Zen Buddhism


   P.1037 - §4 Buddhism prospered because it offered salvation through belief in the Buddha, the enlightened one. It was more representative of the Melchizedek truths than any other religious system to be found throughout eastern Asia. But Buddhism did not become widespread as a religion until it was espoused in self-protection by the low-caste monarch Asoka, who, next to Ikhnaton in Egypt, was one of the most remarkable civil rulers between Melchizedek and Michael. Asoka built a great Indian empire through the propaganda of his Buddhist missionaries. During a period of twenty-five years he trained and sent forth more than seventeen thousand missionaries to the farthest frontiers of all the known world. In one generation he made Buddhism the dominant religion of one half the world. It soon became established in Tibet, Kashmir, Ceylon, Burma, Java, Siam, Korea, China, and Japan. And generally speaking, it was a religion vastly superior to those which it supplanted or upstepped.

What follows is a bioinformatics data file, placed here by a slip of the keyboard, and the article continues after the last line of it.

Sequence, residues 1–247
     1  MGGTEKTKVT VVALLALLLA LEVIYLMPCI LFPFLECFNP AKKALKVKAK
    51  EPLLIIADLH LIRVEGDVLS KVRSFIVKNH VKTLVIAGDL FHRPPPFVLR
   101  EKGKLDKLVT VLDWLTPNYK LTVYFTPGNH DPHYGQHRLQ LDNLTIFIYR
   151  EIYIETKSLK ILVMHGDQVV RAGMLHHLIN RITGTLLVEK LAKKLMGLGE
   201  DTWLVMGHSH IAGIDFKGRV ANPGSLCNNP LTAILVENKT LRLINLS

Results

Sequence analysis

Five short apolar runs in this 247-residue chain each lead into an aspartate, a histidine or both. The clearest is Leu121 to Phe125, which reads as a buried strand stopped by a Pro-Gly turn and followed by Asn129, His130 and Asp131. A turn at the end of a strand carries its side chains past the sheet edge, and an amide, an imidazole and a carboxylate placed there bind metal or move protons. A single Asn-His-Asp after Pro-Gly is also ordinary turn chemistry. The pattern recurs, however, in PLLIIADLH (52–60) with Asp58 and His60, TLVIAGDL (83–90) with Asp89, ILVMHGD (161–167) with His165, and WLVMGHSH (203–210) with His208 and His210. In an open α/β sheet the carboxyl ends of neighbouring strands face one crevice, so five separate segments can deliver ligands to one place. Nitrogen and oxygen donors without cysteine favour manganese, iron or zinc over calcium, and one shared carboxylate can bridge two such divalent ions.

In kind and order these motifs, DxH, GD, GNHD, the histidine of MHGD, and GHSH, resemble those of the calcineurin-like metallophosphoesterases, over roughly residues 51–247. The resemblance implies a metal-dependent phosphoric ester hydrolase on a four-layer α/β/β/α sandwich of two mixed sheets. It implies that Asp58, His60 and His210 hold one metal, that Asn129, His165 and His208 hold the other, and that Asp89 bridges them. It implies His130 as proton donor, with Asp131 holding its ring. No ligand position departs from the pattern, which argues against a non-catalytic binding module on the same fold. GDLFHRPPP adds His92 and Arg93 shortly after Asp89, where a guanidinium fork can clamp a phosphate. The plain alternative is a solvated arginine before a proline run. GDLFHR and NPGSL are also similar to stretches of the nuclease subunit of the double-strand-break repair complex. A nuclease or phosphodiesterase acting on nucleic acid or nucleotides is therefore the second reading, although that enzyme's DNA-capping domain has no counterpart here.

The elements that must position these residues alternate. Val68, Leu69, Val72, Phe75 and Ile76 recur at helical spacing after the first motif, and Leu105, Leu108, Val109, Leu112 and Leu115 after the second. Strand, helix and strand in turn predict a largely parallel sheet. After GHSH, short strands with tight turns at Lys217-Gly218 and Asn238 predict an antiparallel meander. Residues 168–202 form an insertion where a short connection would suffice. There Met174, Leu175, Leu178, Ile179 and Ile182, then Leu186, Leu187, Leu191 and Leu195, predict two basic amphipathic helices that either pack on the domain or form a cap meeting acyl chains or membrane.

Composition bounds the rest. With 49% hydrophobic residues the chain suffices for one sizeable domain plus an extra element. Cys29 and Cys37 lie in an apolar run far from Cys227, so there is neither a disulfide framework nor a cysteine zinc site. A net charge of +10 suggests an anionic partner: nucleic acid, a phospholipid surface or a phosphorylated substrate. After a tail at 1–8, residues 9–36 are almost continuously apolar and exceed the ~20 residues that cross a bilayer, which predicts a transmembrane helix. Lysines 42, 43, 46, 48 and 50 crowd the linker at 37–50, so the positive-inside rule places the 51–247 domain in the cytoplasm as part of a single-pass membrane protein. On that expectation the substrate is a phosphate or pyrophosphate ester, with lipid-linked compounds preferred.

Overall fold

Foguang Temple, Kaohsiung City, Taiwan
 
 Readers in Taiwan

 

Buddhist temples to which Asoka sent the relics of Buddha. He must have sent his missionaries to these regions.

  Teachings of Zen Buddhism
 
P.1401 - §2 By the beginning of this year Jesus had fully won his mother to the acceptance of his methods of child training--the positive injunction to do good in the place of the older Jewish method of forbidding to do evil. In his home and throughout his public-teaching career Jesus invariably employed the positive form of exhortation. Always and everywhere did he say, "You shall do this--you ought to do that." Never did he employ the negative mode of teaching derived from the ancient taboos. He refrained from placing emphasis on evil by forbidding it, while he exalted the good by commanding its performance.